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Saudi Arabia executes man for crimes committed in teens

June 15, 2021

On Tuesday, the Gulf state executed a 26-year-old citizen for crimes allegedly committed as a minor. Mustafa al-Darwish's family says he was tortured in custody; rights groups argue that his trial was not fair.

Protestors with Code Pink march in front of the White House April 20, 2016, Washington, DC to bring attention to the plight of three Saudi Arabian youths.
Protesters in the US focus on the potential executions of three Saudi men, who took part in protests when they were teensImage: Paul J. Richards/AFP/Getty Images

Saudi Arabia executed Mustafa al-Darwish on Tuesday for crimes that, according to rights groups, he committed while still a minor. The execution was confirmed by the Saudi state press agency.

Al-Darwish was found guilty on several charges, including meeting with others involved in riots in 2011 and 2012, "participation in armed rebellion," "sowing discord," and plotting to kill local security forces. He was arrested in 2015 and sentenced to death in March 2018. By late May this year, he had exhausted his legal appeal options. Activists warned that his execution was imminent and depended only on the Saudi king's signature.

His family in Saudi Arabia said al-Darwish had only attended anti-government protests. Al-Darwish is a member of Saudi Arabia's marginalized Shiite Muslim majority and there have been regular anti-government protests in the Shiite Muslim-majority region of Qatif. There was a period of more pronounced unrest there between 2011 and 2012 as the so-called Arab Spring protests swept the Middle East.

According to rights groups, the 26-year-old al-Darwish must have been either 17 or 18 at the time of the alleged crimes. Saudi authorities maintain that he was an adult at the time of the offenses, but do not provide precise dates.

Rights groups: Trial was not fair

Al-Darwish's family said he was tortured into confessing. He later recanted his confession. His family also say that they were not able to contact him and Amnesty International argued that he was not given a fair trial.

Mustafa al-Darwish
Mustafa al-DarwishImage: ESOHR

The family said they were not informed of Tuesday's execution and only heard about it through online media.

"Six years ago, Mustafa was arrested with two of his friends," a statement issued by al-Darwish's family on Tuesday said. "The police released him without charge but confiscated his phone. We later found out that there was a photograph on the phone that offended them. Later they called us and told Mustafa to come and collect his phone, but instead of giving it back they detained him ... How can they execute a boy because of a photograph on his phone?"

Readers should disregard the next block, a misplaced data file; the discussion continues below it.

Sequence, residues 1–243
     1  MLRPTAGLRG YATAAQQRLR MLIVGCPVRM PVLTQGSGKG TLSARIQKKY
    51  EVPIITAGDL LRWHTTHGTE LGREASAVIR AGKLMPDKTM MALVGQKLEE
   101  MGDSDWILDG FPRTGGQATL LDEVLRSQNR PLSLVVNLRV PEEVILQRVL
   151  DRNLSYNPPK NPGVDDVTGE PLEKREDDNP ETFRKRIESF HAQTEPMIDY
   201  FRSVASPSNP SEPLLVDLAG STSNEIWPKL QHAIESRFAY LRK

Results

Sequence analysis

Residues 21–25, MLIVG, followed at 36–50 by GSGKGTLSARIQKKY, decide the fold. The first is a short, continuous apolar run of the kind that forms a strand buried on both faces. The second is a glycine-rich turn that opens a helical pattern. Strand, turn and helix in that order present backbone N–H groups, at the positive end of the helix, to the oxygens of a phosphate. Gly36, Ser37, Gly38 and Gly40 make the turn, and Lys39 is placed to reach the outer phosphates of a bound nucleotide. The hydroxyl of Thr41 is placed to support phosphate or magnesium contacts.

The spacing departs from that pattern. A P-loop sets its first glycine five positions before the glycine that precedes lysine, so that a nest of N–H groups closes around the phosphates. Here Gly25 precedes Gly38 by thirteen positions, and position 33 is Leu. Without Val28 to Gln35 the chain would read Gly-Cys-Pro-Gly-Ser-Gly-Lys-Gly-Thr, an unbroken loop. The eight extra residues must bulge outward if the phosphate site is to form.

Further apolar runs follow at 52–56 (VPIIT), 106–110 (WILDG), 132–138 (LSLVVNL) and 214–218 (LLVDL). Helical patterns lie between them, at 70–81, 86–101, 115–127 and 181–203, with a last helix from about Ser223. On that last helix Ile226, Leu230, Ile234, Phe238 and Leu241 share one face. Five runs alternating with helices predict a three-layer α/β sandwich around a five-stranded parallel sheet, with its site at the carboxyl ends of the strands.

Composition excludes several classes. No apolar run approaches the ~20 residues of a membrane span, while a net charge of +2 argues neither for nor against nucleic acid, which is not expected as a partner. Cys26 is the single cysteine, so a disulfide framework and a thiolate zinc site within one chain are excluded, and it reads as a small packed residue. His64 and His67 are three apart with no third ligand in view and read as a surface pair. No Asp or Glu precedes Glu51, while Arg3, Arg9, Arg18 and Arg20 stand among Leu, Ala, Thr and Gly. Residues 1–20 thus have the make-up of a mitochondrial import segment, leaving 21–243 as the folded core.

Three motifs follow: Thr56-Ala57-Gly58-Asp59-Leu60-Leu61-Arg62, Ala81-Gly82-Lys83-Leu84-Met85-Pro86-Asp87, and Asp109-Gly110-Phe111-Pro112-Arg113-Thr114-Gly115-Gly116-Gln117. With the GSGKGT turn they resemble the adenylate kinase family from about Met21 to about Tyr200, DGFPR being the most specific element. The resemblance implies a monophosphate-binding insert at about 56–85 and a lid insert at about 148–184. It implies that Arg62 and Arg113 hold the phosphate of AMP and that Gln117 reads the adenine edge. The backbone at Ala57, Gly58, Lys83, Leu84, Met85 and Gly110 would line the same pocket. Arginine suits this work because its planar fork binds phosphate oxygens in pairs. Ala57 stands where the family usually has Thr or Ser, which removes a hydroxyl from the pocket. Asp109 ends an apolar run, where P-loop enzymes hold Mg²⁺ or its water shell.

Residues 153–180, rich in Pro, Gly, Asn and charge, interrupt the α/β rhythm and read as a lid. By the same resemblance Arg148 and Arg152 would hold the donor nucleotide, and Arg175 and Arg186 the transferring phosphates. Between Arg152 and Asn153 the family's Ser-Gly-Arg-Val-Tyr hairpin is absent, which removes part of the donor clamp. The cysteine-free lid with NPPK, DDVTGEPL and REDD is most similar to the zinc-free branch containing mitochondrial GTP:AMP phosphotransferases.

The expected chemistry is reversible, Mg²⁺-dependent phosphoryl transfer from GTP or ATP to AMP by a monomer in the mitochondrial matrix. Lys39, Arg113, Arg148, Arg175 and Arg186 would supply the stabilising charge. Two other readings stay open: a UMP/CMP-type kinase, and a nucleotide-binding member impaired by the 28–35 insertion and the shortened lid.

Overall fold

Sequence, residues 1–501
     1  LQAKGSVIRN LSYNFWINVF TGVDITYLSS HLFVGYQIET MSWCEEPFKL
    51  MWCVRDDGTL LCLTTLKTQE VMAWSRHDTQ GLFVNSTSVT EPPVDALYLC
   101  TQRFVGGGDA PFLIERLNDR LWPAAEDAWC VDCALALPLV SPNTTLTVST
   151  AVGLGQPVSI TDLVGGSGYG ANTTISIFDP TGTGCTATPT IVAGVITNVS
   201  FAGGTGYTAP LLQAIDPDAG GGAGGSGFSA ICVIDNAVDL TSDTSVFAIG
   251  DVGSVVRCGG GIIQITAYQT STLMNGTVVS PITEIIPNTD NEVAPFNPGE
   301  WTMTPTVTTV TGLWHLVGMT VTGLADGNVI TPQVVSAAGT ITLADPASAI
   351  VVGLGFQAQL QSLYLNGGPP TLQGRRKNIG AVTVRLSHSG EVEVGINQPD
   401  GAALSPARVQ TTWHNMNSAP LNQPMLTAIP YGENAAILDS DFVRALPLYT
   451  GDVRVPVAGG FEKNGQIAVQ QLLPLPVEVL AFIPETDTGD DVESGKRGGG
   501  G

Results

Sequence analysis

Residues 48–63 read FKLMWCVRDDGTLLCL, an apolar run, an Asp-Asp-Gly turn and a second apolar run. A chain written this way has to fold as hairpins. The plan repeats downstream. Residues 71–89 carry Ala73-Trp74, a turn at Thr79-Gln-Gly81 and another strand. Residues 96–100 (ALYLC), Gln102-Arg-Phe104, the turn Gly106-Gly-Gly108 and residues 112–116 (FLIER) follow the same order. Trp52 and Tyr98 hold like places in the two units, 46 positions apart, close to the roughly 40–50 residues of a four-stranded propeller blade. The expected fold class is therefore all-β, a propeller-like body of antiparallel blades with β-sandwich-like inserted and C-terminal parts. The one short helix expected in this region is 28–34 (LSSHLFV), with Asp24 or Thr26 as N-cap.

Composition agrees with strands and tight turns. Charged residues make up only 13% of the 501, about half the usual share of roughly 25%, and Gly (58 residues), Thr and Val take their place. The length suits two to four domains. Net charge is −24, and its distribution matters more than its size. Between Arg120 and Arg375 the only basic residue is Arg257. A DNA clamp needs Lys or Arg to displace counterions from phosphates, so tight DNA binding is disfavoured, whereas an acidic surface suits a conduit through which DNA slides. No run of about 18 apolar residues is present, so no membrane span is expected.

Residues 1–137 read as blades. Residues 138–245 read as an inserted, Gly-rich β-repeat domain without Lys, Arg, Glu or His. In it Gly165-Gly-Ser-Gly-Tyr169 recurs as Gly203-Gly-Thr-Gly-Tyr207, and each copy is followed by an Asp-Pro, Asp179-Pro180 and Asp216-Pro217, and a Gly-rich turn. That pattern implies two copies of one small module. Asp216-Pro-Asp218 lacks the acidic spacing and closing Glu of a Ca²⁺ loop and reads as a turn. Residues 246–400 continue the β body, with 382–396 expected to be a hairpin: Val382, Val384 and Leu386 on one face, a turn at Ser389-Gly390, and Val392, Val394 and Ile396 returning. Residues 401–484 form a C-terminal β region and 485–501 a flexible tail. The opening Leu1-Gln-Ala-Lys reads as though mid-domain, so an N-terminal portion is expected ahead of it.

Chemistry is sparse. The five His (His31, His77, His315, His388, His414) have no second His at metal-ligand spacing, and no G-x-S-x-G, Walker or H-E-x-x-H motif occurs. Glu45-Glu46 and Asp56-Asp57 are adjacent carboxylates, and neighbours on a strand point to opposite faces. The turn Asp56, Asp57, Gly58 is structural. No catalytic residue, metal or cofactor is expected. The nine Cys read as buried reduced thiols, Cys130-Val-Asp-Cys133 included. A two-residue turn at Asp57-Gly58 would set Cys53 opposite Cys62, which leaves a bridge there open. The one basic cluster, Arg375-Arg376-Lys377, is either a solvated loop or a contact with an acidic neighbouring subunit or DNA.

No longer executing minors? 

A number of international human rights organizations, including Amnesty International, Human Rights Watch and UK-based legal rights organization Reprieve, had urged the Saudi authorities not to execute al-Darwish because of crimes he may have committed as a minor.

Saudi Arabia is known as a world leader in capital punishment and has conducted several mass executions

Last year, Saudi Arabia's King Salman decreed that crimes committed by minors — that is, anyone under 18 — would no longer be punishable by death. Instead the perpetrator would be sentenced to 10 years in jail.

The March 2020 royal decree was never reported by state media nor published in the official gazette as would be normal practice. The state-backed Human Rights Commission also told news agency Reuters in February that the ban would only apply to less serious crimes.

"The execution of Mustafa al-Darwish once again shows that the Kingdom's claim to have eliminated capital punishment for childhood crimes is not true," a statement from Reprieve said.

The organization's director, Maya Foa, called upon European leaders to "make clear that executions for childhood crimes will not be tolerated."

"The cruelty of this execution, without warning, for the crime of joining protests as a teenager, is the true face of Mohammed Bin Salman's Saudi Arabia — not the endless empty promises of reform," Ali al-Dubaisi, who heads the European Saudi Organization for Human Rights, or ESOHR, said.

According to ESOHR data, of the 53 prisoners currently facing potential death sentences, four were convicted of crimes committed when they were younger than 18.

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